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Trump tax breaks ‘saved US corporations US$91bn’ in 2018

The US Treasury Department collect US$91 billion less in 2018, the first full year in which President Trump’s Tax Cuts and Jobs Act (TCJA) took effect, than it did in 2017.

The TCJA, which was passed in December 2017, reduced the US corporate tax rate from 35% to 21%. However, research firm Oxford Economics reports that the ability of businesses to blend write-offs with a variety of tax credits allowed them to further lower their tax rate in 2018 to an “effective” rate of only 7% — the lowest since 1947.

In certain cases, corporations were able to use the new tax law to reduce the amount they paid last year to zero.

Data released by the US Internal Revenue Service (IRS) shows that the first year of the TCJA saw the Treasury Department collect about US$262.7 billion in income taxes before refunds in fiscal year 2018. The figure was 22% down on 2017, when the IRS collected US$338.5 billion and down slightly more on 2016, when the figure was US$345.6 billion.

The 2018 figures represent the lowest amount that US Treasury has collected from business since the depths of the post-crisis recession; in 2011 the IRS collected $242.8 billion from corporations’ income tax.

In addition to collecting less from corporations in 2018, Treasury also refunded them more than it had in previous years. Last year the IRS refunded businesses $60 billion, for a net total of $202.7 billion collected from corporations.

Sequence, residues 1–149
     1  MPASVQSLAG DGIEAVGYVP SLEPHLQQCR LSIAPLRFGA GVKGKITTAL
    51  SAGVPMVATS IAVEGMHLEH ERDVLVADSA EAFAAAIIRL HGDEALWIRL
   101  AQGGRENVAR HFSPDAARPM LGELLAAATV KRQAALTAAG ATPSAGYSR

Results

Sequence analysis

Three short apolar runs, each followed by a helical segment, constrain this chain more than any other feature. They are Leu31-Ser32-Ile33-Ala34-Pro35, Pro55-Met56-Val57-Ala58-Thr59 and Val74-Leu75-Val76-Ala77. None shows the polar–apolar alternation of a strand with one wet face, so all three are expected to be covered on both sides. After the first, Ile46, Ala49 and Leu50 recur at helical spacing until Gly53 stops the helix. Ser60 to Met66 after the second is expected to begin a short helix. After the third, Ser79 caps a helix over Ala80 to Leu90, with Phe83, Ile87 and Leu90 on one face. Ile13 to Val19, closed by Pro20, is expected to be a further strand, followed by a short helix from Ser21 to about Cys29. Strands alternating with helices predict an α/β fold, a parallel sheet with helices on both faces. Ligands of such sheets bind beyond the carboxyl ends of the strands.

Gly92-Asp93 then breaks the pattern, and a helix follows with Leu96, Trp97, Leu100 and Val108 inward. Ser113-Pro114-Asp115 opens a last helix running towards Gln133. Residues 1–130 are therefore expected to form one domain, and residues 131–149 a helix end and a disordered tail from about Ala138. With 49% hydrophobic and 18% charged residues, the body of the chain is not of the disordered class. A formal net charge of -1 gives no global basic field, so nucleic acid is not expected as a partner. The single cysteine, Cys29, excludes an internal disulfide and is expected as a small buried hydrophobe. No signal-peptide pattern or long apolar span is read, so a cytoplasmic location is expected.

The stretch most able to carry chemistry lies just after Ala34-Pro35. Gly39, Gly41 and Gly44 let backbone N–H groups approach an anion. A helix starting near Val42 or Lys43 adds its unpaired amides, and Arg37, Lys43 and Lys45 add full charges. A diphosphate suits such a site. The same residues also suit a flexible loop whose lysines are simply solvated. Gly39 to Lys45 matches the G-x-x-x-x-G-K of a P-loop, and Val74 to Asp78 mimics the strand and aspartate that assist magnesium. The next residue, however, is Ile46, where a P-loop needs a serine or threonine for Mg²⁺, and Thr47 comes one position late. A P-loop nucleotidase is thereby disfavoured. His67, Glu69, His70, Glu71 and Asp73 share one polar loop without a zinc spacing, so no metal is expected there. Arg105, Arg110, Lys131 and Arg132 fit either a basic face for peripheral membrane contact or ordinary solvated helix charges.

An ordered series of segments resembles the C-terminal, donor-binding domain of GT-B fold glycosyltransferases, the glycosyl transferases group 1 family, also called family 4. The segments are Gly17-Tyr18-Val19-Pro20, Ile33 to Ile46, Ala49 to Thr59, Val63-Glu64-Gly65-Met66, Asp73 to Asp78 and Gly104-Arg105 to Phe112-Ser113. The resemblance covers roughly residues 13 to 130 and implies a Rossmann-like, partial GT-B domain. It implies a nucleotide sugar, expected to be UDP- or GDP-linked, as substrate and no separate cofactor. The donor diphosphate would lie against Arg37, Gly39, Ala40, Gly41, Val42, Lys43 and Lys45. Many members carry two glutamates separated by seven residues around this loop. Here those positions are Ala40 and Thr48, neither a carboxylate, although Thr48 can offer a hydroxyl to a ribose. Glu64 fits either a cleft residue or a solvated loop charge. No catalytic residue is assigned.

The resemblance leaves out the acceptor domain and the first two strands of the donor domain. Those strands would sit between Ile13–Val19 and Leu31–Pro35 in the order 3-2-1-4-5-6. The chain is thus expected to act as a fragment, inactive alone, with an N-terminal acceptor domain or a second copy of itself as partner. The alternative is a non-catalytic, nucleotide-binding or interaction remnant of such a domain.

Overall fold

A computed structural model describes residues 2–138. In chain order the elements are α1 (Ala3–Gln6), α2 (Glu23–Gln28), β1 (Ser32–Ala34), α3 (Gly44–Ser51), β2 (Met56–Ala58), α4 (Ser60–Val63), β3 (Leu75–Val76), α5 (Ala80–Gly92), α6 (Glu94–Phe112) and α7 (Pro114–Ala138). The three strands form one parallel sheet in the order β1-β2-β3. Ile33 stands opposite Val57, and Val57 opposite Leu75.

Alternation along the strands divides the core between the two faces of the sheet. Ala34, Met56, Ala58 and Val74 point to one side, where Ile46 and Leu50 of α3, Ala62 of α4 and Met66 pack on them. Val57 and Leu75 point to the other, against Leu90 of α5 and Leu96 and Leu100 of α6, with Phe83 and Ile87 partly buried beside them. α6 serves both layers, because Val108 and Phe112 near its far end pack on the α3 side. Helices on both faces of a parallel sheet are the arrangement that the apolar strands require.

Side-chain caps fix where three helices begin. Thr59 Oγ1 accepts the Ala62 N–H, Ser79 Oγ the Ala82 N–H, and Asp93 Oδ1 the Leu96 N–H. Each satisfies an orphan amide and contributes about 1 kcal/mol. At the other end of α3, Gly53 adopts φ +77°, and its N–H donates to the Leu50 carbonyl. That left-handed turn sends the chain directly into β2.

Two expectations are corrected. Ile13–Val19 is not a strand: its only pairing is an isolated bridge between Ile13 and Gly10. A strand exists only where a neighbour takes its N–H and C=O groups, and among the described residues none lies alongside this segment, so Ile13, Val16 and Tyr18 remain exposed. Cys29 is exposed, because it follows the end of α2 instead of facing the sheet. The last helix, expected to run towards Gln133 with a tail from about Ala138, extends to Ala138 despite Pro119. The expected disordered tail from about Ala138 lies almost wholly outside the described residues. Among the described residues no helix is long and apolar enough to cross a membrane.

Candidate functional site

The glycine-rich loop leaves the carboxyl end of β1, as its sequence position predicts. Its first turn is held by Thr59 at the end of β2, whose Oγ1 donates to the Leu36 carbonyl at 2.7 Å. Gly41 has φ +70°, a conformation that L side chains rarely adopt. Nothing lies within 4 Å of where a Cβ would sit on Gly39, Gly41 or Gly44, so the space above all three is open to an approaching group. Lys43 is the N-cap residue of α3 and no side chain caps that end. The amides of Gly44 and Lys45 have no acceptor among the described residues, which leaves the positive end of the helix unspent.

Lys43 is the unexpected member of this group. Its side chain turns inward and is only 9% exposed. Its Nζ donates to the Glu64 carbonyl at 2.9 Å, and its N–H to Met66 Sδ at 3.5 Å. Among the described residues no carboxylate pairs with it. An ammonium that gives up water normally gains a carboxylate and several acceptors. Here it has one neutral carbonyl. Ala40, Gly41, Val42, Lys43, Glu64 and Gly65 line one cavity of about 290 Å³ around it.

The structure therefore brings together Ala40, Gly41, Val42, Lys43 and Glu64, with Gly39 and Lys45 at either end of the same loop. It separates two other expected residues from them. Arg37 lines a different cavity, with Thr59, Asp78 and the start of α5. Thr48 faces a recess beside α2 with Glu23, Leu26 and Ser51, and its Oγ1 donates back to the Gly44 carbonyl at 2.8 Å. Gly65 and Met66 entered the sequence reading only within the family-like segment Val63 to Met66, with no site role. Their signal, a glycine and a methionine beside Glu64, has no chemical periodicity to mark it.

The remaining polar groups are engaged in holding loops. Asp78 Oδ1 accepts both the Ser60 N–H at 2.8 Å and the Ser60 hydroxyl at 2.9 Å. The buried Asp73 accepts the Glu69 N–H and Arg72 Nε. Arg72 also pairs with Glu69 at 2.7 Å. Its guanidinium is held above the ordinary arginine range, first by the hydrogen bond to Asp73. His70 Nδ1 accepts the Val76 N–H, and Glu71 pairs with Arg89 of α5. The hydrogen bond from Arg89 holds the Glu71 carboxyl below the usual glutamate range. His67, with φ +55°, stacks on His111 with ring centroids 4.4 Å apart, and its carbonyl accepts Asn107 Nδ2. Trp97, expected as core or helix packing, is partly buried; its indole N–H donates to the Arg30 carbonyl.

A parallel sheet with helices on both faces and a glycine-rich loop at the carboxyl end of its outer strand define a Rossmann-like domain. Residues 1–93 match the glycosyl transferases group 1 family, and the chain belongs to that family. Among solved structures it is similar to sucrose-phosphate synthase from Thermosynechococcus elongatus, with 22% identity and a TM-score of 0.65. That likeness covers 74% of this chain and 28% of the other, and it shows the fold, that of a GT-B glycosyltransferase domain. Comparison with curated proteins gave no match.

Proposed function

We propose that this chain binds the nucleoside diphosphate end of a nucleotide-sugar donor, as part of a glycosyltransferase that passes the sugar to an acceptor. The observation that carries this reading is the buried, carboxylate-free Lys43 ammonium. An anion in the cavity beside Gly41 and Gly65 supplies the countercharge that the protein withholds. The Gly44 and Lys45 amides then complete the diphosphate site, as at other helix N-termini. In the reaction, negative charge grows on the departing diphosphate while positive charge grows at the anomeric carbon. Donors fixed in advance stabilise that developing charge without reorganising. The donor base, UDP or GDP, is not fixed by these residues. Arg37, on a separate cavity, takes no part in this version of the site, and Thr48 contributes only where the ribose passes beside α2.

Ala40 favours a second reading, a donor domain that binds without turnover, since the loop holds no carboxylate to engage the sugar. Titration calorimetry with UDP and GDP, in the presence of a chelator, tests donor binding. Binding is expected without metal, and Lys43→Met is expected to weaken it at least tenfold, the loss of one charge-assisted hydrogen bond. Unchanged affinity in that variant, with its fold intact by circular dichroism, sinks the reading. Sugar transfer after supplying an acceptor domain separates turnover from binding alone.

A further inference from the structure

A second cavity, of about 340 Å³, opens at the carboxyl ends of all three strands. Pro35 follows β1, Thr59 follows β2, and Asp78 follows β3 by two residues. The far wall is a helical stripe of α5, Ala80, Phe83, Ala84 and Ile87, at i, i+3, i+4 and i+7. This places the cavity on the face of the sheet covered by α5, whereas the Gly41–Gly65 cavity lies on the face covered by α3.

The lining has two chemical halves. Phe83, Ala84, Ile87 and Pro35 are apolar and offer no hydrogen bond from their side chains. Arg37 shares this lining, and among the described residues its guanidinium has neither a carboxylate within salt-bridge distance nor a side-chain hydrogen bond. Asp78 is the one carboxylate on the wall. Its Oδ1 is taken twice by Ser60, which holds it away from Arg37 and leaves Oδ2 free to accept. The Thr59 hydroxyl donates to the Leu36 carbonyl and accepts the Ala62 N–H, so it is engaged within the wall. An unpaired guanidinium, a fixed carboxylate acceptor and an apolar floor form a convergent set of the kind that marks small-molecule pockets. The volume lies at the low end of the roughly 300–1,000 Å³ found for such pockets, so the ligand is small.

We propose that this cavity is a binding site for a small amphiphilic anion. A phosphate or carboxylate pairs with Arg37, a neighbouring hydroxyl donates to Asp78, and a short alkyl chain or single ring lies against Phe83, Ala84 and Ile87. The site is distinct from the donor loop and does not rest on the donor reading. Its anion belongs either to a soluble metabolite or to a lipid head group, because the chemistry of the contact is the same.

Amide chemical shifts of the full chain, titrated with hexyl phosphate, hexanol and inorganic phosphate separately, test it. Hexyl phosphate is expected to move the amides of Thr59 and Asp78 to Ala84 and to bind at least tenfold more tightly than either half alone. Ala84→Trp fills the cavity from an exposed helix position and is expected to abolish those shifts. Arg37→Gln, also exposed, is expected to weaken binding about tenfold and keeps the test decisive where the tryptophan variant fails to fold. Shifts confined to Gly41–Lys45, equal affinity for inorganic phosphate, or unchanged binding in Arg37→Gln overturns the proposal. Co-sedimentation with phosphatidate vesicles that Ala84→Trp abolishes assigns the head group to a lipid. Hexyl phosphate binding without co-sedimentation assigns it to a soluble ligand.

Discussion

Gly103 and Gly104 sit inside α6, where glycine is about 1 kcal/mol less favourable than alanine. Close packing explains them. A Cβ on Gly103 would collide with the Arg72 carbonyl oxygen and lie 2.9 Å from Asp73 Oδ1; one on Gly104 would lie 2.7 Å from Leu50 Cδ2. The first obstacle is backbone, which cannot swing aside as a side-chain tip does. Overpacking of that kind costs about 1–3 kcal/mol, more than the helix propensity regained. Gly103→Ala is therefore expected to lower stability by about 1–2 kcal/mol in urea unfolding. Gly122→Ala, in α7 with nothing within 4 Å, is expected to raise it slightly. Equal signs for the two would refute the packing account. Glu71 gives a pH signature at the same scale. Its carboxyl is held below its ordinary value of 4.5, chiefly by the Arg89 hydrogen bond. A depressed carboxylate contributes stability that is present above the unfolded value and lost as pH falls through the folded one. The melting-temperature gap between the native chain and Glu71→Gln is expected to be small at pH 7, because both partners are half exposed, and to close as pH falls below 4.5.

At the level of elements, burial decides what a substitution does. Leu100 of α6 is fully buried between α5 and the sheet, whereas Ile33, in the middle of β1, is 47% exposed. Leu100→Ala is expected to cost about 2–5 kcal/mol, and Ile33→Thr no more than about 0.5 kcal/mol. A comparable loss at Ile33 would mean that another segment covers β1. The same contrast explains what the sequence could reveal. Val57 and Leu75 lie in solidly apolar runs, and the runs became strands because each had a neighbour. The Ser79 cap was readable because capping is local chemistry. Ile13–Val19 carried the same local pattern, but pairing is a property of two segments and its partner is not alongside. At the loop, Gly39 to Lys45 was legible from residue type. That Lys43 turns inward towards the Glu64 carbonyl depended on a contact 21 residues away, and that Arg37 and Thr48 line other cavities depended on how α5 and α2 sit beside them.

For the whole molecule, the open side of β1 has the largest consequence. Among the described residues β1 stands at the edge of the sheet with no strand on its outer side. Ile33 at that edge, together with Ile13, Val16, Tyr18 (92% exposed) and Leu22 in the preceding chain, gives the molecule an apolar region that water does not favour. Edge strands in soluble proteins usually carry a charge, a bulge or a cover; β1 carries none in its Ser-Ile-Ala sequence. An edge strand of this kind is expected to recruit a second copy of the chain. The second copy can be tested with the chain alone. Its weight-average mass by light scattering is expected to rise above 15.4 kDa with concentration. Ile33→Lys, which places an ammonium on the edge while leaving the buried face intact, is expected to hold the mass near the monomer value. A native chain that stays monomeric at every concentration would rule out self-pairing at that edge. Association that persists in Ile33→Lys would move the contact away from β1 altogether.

In 2017 the refund figure totalled roughly $45 billion for a net collection of $293.6 billion. Comparison of the net figures indicate that US corporations paid $91 billion less in 2018 than the previous year. Lower tax revenues added to deficits and pushed the US national debt above $22 trillion in February this year.

By comparison, when Barack Obama took office in 2009, US total debt was around $10.6 trillion and during his eight years in office it escalated to $19.9 trillion.

Special breaks and loopholes

“There are a lot of breaks and loopholes that allow a company not to pay,” commented Steve Wamhoff, director of federal tax policy at the Institute on Taxation and Economic Policy (ITEP).

“People, when they think of tax reform, think the government is going to fix the tax code and get rid of breaks and loopholes and get rid of tax dodging. What we got at the end of 2017 was not that. It was the opposite of that. The TCJA left a lot of special breaks and loopholes in place and created some new ones.”

Amazon reportedly avoided paying federal income tax on $11.2 billion of profits in 2018, while ITEP analysis identified 60 major US businesses that paid no tax last year, including Netflix, Delta Airlines and General Motors.

A report issued this week by the Congressional Research Service (CRS) – aka Congress’s think tank – claimed that the TCJA had little measurable effect on the overall US economy in 2018 and the tax cuts fell far short of paying for themselves by turbocharging the economy as President Trump promised.

The paper’s authors, Jane Gravelle and Donald Marples, found that lower effective corporate tax rates triggered a flood of stock buybacks and dividends for shareholders, but the US economy saw little benefit.


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Cash & Liquidity Management
Cash & Liquidity Management in North America
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North America
Regulation & Tax
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